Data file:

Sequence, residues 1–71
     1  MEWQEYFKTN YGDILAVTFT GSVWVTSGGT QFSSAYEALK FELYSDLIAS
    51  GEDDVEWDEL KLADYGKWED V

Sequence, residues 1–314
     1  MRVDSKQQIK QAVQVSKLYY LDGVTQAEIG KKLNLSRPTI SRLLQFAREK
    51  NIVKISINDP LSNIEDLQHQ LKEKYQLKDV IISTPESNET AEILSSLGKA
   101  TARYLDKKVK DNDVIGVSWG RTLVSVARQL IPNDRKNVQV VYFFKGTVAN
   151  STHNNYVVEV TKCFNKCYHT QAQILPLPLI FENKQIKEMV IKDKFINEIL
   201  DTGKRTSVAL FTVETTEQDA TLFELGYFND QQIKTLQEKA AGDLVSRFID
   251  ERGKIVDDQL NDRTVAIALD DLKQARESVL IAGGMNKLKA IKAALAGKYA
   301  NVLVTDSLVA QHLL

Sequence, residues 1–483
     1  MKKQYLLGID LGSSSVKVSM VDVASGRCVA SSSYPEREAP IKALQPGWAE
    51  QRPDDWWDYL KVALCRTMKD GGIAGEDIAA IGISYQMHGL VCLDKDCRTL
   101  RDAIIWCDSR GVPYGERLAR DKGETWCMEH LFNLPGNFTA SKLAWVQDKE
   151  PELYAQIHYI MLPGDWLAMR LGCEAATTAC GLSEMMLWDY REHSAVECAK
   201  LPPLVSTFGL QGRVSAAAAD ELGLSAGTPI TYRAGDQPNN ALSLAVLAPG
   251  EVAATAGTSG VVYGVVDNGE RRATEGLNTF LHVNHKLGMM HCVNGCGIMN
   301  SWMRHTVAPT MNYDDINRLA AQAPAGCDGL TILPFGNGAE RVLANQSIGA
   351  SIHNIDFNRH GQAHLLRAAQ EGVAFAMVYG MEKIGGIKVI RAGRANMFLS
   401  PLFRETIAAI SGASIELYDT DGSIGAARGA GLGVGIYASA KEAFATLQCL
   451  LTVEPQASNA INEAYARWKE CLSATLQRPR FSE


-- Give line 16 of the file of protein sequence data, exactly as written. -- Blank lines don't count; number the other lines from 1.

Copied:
   151  PELYAQIHYI MLPGDWLAMR LGCEAATTAC GLSEMMLWDY REHSAVECAK